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Echinopsis terscheckii: A typical cactus

The best-known plants that have adapted to the extreme aridity of the desert are the cacti. They’re familiar to us all as the spiky, barrel- or column-shaped plants with water in their trunks.

Echinopsis terscheckii displays the typical characteristics of the cactus family. Whatever the season, you’ll never find leaves on this plant, just several rows of sharp spines. Since water evaporates through leaves, cacti diminish evaporation by reducing their overall surface as much as possible, leading to the evolution of narrow spines instead of leaves. Spines also keep off hungry animals, but you might be surprised to know that, despite their small size, spines also provide shade for the body of the plant. They even help to provide the cactus with water; in foggy weather, droplets of water condense on the spines. This is especially important for cacti living in deserts where it never rains, since they have to get all of their water from the atmosphere.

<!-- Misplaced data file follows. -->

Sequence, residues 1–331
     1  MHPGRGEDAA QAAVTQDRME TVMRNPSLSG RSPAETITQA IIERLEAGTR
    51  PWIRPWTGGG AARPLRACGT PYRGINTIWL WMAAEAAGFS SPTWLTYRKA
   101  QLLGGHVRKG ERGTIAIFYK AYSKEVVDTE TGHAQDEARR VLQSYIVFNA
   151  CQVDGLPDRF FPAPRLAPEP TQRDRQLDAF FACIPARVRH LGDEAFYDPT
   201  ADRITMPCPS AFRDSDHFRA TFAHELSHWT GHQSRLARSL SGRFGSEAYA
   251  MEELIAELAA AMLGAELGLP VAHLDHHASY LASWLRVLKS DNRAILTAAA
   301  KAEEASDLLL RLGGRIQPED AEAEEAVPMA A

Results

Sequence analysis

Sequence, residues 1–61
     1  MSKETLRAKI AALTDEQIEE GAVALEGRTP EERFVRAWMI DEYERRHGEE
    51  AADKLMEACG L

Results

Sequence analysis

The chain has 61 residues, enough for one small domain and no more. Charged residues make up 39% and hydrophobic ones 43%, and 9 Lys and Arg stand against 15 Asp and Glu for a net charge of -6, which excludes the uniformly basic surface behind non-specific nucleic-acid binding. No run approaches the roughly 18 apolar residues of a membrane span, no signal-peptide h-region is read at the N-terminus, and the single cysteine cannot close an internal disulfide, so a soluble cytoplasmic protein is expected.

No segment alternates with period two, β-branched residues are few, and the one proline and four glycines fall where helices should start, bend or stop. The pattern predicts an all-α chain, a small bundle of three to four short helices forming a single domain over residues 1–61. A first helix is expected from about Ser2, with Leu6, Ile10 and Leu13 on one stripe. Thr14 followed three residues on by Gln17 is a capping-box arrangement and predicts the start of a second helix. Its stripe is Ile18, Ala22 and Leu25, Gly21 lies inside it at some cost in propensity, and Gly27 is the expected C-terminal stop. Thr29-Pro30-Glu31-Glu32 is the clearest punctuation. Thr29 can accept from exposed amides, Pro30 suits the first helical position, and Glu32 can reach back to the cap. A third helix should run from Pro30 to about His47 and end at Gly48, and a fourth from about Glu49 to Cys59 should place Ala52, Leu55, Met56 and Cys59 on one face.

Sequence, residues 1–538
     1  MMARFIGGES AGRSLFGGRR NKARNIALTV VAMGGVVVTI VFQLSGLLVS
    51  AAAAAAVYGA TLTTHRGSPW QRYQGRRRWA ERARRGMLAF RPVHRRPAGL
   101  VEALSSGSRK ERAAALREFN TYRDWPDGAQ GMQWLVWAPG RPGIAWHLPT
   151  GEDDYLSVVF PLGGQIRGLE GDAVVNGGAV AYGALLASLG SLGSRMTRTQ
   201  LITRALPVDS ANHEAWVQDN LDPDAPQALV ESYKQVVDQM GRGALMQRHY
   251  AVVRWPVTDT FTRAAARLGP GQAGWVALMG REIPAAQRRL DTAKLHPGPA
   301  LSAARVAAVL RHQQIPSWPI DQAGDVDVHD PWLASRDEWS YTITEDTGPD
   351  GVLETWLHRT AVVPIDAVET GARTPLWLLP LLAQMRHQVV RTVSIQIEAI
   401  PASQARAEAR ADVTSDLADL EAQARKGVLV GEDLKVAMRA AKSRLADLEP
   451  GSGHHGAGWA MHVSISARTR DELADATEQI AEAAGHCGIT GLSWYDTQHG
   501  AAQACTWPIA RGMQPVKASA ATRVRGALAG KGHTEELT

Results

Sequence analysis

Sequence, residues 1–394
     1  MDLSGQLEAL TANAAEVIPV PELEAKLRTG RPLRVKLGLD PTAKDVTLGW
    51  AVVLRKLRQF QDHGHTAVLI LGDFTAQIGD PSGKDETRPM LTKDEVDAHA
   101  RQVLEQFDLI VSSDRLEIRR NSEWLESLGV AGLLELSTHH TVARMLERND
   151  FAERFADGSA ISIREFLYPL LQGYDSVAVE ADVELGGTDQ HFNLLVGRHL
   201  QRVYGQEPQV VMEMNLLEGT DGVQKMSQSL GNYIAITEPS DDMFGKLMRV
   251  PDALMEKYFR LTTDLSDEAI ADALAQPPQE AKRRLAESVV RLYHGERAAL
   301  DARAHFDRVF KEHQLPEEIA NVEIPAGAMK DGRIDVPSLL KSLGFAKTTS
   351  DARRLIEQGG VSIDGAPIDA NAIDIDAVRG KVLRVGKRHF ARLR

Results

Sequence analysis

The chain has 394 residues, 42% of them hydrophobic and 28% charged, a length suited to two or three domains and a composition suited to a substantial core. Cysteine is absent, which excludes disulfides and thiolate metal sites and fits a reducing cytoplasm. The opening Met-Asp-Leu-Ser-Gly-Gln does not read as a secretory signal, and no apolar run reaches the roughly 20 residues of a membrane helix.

In cacti, the thick, green trunk takes on the photosynthetic function that leaves perform on other plants. The trunk is also often covered with hair. This hair protects the trunk from intense sunlight and helps keep it from drying out during the day, but also keeps it warm on cold nights. Some other species of cactus, like this Echinopsis, are covered with a layer of wax. All cacti have a special metabolic trick; they can keep their stomata, or pores, closed on hot days to keep too much water from evaporating, then open them at night to take in the carbon dioxide gas they need to make carbohydrates for energy.

The species of Echinopsis shown here branches strongly as it ages and can grow into a very imposing plant more than 7 meters tall. It is native to northern Argentina.



Audio file download
Echinopsis terscheckii: A typical cactus (MP3, 894 KB)

Audio production and copyright: Soundgarden Audioguidance GmbH
Text: Ehrentraud Bayer, Botanischer Garten München-Nymphenburg